Written by horror B-movie writer/director Michael Cooney (the JACK FROST series)
and directed by James Mangold (KATE & LEOPOLD), IDENTITY is an efficient and
effective thriller clearly inspired by "Ten Little Indians," Agatha Christie's
classic mystery novel. The first act, which features some dramatic car
accidents, is the only truly scary part. If you've seen other horror pictures,
you'll probably find the rest of the movie too familiar to make you jump. But
the first part is a palpably frightening warning of the real-life hazards of not
paying proper attention when you're on the road, especially in bad weather.
The story is set during a dark and stormy night. Are there any other nights in
these types of shows? As a torrential downpour closes all of the roads and as
the thunder and lightning have a strobe light effect on the characters, ten
people, most of them strangers to each other, converge on a cheap motel in the
middle of nowhere in Nevada. For thirty dollars a night, they obtain the
privilege of being killed, one by one, with each getting a numbered room key
afterwards to indicate their precise placement in the murder sequence.
The audience's canonical questions in such plots are: Who will be killed first?
Who is doing it? And, most of all, why? It is in the answer to the last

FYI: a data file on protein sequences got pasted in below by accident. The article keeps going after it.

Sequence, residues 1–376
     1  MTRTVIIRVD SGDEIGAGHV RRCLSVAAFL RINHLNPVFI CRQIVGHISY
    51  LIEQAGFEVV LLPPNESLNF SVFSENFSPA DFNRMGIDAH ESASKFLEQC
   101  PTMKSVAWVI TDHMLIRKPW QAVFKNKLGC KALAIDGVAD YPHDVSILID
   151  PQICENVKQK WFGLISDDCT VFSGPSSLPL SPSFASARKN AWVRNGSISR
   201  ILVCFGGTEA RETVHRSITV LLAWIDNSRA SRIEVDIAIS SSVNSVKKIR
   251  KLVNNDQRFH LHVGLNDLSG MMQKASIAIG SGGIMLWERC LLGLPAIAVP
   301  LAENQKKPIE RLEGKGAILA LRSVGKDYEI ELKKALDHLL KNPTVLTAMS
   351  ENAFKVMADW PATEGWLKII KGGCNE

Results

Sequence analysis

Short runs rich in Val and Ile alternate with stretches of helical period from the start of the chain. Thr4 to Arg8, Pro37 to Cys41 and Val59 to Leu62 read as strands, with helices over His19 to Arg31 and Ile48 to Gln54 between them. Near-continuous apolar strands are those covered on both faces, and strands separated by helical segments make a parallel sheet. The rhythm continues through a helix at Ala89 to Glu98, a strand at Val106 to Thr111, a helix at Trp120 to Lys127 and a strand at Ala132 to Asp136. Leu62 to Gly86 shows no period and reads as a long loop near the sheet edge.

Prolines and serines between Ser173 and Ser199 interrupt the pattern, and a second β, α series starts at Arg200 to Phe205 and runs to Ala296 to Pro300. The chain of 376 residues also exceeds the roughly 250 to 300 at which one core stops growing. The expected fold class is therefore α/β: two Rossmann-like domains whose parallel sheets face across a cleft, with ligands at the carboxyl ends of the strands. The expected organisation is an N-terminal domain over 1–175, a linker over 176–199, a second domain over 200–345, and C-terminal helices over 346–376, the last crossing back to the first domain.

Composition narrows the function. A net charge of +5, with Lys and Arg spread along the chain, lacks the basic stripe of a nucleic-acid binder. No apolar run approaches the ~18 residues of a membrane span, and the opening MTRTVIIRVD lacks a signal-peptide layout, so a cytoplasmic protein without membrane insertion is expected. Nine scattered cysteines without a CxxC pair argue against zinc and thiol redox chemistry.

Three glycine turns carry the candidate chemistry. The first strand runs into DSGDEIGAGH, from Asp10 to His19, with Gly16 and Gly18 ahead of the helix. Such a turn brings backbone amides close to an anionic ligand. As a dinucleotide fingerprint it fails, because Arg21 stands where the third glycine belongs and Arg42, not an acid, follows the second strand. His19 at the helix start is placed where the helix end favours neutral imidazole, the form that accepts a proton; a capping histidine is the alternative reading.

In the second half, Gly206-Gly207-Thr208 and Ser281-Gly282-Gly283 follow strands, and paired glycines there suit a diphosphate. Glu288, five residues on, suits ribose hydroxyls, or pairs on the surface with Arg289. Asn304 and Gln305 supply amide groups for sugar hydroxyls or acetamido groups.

question that this story excels, rising slightly above other such horror pics.
At the fleabag motel are: A limo driver with some police work in his past (John
Cusack) who is driving a washed-up actress (Rebecca De Mornay), a nervous cop
(Ray Liotta) with a too-obviously guilty prisoner (Jake Busey) in tow, a
"professional slut" (Amanda Peet) with a passion for orange trees, a nine-hour
married couple (Clea DuVall and William Lee Scott), a jumpy motel manager (John
Hawkes), and a wimpy and anal retentive husband (John C. McGinley) with a dying
wife (Leila Kenzle) and a creepily quiet young stepson (Bret Loehr).
Place your bets now on the order of their death. Forget about guessing why they
are being killed. You don't have a chance of figuring it out.
IDENTITY runs 1:35. It is rated R for "strong violence and language" and would
be acceptable for most teenagers.
My son Jeffrey, age 14, gave it ***, saying that it was a very well made,
edge-of-the-seat thriller. He liked all of the twists but said the movie was
too scary to ever see again.
Copyright © 2003 Steve Rhodes